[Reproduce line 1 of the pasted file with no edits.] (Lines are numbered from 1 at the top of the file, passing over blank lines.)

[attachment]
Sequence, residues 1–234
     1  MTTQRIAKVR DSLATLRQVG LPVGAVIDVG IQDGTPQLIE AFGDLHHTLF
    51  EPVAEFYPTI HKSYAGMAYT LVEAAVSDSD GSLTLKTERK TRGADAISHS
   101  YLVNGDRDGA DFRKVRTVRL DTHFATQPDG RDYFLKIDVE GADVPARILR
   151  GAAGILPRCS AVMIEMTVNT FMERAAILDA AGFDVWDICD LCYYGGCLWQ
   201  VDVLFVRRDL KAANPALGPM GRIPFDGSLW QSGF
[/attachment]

Sequence, residues 1–234